On the question of Land Reform – keep up the good work Mike. Thankyou

    1. MBC says:

      I tend to the view that Rennie was taken in. If you are going to doctor a genuine civil service document the fewer people who know about it the better.

      If my guess is right, then the unnamed civil servant is blameless, and wrote an accurate report subsequently doctored by somebody else. My guess that that somebody else is none other than Carmichael. Only he and Mundell would have had access to these documents. They’ve fished one out, then altered it. Only they would have that degree of clearance. Then the spad has released it. The spad might never even have known it was even doctored when he leaked it.

      1. Allan Thomson says:

        Thanks. The thread of logic running through your theory makes it very plausible. The trail simply must be followed to a conclusion. Life changing for Carmichael and only the degree remains unclear.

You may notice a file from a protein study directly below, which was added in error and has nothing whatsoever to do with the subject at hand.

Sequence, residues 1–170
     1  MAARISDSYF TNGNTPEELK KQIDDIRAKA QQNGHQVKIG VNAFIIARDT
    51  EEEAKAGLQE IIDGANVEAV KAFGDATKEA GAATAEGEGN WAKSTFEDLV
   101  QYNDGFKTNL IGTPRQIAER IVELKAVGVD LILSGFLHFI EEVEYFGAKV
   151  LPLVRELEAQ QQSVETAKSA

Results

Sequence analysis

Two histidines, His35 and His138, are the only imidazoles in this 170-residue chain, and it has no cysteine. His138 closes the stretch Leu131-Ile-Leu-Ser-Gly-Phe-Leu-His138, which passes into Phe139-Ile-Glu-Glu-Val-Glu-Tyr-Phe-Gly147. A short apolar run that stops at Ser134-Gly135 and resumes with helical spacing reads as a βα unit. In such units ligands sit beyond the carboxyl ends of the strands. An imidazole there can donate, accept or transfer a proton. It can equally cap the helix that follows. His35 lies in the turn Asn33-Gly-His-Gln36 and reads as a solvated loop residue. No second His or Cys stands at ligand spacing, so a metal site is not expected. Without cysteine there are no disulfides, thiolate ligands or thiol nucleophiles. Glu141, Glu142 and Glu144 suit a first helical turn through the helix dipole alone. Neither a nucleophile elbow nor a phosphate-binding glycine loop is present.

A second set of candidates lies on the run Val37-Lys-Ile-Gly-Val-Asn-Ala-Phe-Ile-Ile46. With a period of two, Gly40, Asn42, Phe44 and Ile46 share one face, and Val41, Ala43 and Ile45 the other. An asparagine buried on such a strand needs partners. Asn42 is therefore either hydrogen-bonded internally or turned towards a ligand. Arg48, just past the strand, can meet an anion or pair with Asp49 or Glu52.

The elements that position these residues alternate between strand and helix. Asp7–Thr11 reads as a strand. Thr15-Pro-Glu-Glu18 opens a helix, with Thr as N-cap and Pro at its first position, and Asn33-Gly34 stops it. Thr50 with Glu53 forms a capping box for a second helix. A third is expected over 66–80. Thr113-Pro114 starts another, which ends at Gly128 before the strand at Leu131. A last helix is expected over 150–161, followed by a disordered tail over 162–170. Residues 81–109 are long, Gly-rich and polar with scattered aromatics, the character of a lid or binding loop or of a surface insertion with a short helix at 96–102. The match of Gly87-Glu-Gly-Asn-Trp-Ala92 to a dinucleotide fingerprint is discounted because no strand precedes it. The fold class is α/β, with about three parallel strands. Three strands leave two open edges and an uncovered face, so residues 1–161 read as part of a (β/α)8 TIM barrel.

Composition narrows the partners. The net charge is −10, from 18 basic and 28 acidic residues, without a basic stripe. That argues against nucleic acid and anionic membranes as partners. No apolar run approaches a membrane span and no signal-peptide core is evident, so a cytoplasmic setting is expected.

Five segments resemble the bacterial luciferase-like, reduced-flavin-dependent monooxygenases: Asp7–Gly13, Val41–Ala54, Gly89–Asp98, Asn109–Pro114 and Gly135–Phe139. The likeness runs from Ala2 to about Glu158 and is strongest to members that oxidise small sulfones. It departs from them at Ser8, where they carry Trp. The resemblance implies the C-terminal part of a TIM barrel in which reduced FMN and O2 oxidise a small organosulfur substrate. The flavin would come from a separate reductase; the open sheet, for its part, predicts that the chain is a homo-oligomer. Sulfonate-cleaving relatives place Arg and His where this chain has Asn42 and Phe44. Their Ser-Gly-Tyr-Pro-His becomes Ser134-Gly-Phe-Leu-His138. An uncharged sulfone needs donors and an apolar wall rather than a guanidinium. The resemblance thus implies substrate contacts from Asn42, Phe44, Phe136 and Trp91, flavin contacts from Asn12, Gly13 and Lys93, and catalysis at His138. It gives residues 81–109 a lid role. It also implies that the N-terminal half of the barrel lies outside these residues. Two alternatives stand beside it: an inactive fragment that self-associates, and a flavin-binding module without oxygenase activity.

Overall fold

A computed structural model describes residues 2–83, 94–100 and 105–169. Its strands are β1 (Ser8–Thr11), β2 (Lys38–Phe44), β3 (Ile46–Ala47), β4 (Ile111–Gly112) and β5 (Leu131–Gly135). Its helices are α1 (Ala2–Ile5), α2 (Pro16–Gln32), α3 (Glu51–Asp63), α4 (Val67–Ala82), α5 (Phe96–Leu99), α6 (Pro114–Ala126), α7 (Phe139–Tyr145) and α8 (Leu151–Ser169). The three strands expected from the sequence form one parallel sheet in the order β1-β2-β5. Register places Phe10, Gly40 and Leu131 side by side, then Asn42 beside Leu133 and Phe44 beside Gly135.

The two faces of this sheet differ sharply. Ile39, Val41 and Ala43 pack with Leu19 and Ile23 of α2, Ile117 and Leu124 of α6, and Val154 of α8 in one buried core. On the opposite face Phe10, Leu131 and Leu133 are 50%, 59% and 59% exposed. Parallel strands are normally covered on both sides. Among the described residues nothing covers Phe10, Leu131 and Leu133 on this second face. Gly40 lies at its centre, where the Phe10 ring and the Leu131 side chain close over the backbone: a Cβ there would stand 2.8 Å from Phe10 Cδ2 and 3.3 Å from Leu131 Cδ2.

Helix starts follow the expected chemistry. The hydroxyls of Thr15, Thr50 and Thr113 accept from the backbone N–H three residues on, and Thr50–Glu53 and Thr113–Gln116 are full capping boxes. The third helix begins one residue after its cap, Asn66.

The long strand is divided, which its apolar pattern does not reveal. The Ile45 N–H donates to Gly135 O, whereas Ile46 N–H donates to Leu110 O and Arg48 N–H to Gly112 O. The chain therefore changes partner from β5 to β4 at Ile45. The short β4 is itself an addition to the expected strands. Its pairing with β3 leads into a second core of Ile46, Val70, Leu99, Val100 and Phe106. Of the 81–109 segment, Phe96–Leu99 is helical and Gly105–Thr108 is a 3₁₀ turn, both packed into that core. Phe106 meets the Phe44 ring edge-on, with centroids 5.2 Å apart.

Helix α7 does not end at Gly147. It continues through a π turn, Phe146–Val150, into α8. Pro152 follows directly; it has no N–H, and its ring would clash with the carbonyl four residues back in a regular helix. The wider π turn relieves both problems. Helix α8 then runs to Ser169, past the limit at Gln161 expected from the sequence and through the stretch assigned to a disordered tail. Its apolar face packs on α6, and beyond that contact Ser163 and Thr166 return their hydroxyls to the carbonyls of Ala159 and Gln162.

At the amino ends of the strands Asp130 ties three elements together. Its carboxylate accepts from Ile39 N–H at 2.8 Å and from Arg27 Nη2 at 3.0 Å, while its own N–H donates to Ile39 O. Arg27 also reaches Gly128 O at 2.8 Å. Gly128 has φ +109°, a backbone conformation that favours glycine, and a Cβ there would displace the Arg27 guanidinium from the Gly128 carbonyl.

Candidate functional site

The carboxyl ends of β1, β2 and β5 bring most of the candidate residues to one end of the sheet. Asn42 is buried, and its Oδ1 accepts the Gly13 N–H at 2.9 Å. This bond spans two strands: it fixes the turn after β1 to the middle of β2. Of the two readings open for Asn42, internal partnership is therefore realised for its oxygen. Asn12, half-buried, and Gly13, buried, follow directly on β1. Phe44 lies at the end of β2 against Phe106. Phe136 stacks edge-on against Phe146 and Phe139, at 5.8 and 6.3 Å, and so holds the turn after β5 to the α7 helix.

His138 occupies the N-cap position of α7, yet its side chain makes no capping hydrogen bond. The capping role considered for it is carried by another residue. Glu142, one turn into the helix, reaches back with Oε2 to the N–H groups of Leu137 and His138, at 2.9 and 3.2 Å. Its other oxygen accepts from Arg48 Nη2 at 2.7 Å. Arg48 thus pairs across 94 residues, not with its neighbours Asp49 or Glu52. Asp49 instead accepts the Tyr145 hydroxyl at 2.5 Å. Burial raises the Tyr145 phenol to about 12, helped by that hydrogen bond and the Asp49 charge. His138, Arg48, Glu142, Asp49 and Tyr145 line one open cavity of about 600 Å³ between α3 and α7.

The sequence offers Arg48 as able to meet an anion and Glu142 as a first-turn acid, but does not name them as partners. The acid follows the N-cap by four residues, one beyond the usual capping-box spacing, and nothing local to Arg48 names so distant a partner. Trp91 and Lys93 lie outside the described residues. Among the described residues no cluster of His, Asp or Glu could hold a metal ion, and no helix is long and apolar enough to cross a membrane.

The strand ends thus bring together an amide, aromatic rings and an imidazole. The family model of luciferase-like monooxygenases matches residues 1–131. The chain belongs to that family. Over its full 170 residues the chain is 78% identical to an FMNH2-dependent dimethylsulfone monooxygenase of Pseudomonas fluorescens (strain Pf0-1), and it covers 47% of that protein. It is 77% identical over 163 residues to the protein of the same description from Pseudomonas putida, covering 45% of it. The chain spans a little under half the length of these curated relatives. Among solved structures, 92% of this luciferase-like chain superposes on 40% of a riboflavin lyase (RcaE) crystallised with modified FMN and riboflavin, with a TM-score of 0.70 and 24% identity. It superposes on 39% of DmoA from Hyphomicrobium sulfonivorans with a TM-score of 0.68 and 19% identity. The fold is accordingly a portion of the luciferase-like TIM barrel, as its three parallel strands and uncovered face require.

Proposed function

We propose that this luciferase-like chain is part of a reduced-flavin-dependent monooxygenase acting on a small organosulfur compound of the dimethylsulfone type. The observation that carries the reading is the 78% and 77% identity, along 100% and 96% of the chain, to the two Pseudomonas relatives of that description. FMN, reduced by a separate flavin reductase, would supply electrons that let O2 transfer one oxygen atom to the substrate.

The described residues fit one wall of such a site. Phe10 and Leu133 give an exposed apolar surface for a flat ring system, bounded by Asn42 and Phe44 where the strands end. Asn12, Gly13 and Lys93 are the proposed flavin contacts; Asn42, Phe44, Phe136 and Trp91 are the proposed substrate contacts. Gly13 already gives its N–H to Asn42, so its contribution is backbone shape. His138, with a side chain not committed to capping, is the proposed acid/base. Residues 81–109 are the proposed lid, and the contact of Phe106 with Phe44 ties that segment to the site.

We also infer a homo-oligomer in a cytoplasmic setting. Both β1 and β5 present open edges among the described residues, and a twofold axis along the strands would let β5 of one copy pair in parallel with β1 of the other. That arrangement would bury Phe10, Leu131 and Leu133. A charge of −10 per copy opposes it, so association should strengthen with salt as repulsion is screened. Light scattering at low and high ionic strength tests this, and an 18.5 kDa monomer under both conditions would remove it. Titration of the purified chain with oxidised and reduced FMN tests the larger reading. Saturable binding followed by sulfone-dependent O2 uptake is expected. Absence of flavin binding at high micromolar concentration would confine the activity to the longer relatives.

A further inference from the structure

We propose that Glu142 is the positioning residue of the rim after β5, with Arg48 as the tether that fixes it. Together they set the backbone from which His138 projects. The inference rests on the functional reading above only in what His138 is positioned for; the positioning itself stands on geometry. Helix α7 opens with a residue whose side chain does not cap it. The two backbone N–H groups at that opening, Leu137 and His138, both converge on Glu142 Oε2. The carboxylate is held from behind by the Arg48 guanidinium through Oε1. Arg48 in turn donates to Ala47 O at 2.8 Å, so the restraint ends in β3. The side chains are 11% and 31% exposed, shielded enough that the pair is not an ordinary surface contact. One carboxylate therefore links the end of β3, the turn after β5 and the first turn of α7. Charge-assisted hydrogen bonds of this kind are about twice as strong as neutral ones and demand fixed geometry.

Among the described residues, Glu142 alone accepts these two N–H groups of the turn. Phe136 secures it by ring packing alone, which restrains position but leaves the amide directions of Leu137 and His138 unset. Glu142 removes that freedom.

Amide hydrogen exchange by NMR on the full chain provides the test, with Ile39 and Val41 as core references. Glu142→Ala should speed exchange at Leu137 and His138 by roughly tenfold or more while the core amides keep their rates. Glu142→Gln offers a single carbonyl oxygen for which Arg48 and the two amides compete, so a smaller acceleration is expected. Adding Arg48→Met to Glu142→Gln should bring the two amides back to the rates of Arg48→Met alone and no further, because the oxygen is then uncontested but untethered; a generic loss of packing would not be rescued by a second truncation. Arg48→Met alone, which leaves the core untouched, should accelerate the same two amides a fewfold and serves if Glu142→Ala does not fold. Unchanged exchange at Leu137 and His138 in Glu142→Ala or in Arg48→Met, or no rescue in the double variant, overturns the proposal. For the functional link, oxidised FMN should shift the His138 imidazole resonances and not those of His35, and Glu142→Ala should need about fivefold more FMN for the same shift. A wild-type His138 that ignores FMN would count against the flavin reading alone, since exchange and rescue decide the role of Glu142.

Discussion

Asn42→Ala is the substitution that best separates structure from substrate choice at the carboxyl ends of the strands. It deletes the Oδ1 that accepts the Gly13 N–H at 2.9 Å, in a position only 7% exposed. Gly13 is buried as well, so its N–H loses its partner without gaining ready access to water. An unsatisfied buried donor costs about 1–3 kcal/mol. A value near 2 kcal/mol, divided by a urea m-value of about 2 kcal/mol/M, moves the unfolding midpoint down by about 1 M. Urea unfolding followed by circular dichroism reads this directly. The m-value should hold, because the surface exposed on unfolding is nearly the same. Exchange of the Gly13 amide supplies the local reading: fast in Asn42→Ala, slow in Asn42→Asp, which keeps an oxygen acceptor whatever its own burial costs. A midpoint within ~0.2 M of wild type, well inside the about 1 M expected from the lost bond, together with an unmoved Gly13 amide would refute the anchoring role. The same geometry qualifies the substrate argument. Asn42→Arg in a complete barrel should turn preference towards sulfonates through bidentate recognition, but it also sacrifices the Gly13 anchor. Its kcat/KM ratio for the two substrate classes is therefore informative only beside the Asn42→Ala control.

13. Graeme says:

    I live on Jura. Astor is not a great beneficiary to the Island. I for one will not shed a tear if he is made more accountable and made to repair and maintain the buildings that he has allowed to crumble and decay, left unoccupied for years, whilst the youth on the island have nowhere to live. Personally, I find his article offensive. My wife is English, a firm Yes in the referendum and does not have a Rob Roy accent. On Jura we have Dutch, English, German and Irish amongst the 200 souls who make a living here. Many accents, no crime and a great community. As for the golf course………not many locals being employed yet – time will tell on that one.

  14. kailyard rules says:

    Maybe someone will tear him a new one, and henceforth he’ll be known as Willie Arsetore.

  15. thomaspotter2014 says:

    Methinks they’re rushing the EU exit because it’s looking increasingly likely that Scotland is gonna blow up in their faces-i.e.-tell them to fcuk right off and declare UDI.

    Maybe Cameron thinks that he can just yank us all out of Europe to suit his backbenchers,and that’ll sort out those ghastly jock upstarts.

    Well ain’t he in for a surprise.

    Let’s pull out of this sham.

    Cos that’s all this is -a SHAM!

  16. Alastair says:

    Letter from Westminster

    12/11/2010 , by Shetland Times, in Features